Top Medical School Students Share Their Reading Habits to Succeed in School
It’s no secret that those in medical school do a lot of reading. Students have to study biology, anatomy, and everything else under the sun that those in the medical field need to know. Additionally, students have to find some time to read for the sake of reading, which can be tough, but doable when students are organized and productive. To find out the reading habits of the top medical students, we turned to surveys and studies that showed reading practices students at the top of their class found helpful. Below are the frequencies, benefits, and struggles students reported, and solutions to maintaining good reading habits.
How much time do medical students devote to reading?
In a survey conducted by The Journal of the Association of American Medical College, they went out to learn the reading habits of medical students. Authors Bruce Leff MD and Michael G Harper MD reported that students spend 61% of their reading time in patient-related reading. They go on to report that students spent 17% for general reading in medicine, and another 22% of their reading practice was for test preparation. Students said the most valuable materials to read were pocket medicine or pocket books. To have something they could pull out while doing rounds is an excellent way to understand a diagnosis and find the right cure. You can be sure that you’re in good hands when you see a student reading a pocket book by your bedside!
How does reading benefit medical students?
Reading study materials is a medical student’s number one priority. Many students take reading to a whole new level to create a doctor-patient relationship before they officially put on the white coat. Akhilesh Pathipati, a fourth-year MD/MBA student at Stanford, explains why books got him interested in becoming a doctor. Pathipati says, “Medical students spend a lot of time reading, whether it’s research papers, case vignettes, or of course, First Aid. But amid the pathophysiology and biochemical mechanisms, I’ve tried to make a point of reading about science through a humanistic lens.” Various books outside of the required curriculum can help students with their reading habits in general and prepare them for the mental aspect of being a doctor.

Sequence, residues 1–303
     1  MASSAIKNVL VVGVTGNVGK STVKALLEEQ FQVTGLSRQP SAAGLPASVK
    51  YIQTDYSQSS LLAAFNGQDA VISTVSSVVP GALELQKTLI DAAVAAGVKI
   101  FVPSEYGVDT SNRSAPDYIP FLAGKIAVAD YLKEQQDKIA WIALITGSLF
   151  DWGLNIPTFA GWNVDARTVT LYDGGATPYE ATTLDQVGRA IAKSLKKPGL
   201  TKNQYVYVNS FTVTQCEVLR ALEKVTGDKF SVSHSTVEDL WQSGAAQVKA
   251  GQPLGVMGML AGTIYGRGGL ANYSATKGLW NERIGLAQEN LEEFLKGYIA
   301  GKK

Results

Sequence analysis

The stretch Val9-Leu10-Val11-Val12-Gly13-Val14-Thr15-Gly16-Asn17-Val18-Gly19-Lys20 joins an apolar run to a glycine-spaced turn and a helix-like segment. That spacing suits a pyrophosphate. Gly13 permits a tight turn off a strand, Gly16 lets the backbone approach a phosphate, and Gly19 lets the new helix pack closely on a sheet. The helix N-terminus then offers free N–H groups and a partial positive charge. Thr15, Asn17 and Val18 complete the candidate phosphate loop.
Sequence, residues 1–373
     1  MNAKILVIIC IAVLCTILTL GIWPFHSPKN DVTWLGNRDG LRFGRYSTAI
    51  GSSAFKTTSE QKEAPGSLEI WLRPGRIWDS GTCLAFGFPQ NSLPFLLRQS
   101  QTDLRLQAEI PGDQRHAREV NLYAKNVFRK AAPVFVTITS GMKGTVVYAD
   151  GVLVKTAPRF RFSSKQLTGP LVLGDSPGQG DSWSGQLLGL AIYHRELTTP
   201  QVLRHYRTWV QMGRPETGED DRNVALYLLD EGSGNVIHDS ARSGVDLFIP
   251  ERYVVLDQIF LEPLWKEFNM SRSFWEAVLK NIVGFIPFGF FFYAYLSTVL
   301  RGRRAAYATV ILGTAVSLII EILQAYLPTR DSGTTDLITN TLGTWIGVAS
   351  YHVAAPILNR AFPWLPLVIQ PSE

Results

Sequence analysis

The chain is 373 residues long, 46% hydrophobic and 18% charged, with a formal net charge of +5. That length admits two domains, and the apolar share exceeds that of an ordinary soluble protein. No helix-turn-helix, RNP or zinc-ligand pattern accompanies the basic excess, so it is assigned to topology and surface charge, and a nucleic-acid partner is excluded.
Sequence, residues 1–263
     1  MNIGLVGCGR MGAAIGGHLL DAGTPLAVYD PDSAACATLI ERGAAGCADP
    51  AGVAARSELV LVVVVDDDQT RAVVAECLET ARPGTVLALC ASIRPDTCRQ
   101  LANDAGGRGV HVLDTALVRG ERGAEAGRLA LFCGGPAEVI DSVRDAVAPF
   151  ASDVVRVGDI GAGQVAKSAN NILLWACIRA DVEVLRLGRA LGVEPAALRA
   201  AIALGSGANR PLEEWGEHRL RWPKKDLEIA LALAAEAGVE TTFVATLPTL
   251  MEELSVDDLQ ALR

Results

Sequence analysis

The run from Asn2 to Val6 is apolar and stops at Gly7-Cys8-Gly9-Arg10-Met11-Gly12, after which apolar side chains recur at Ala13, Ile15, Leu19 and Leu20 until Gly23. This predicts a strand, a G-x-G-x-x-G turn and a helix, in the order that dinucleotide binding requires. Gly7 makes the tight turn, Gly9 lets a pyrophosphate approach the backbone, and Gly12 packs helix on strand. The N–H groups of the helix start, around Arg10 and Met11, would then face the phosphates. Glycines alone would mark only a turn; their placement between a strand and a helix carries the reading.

What do medical students struggle with reading?
In another study by the Medical College King Saud University, they found what students struggled the most with. While pocket books are the go-to resource, the study suggested that students need to expand their resources. The Medical College King Saud University suggested students go online to seek out the most up to date information. Something you wouldn’t normally think is a good idea for a doctor to do, as the internet is full of incorrect medical information. Additionally, the survey found that (unsurprisingly) students have a lack of time to spend reading. The solution the study reported was to give students more time to read during their clinical rotation. That may seem impossible to some, but students can indeed find time by creating habits that will make their time more efficient.
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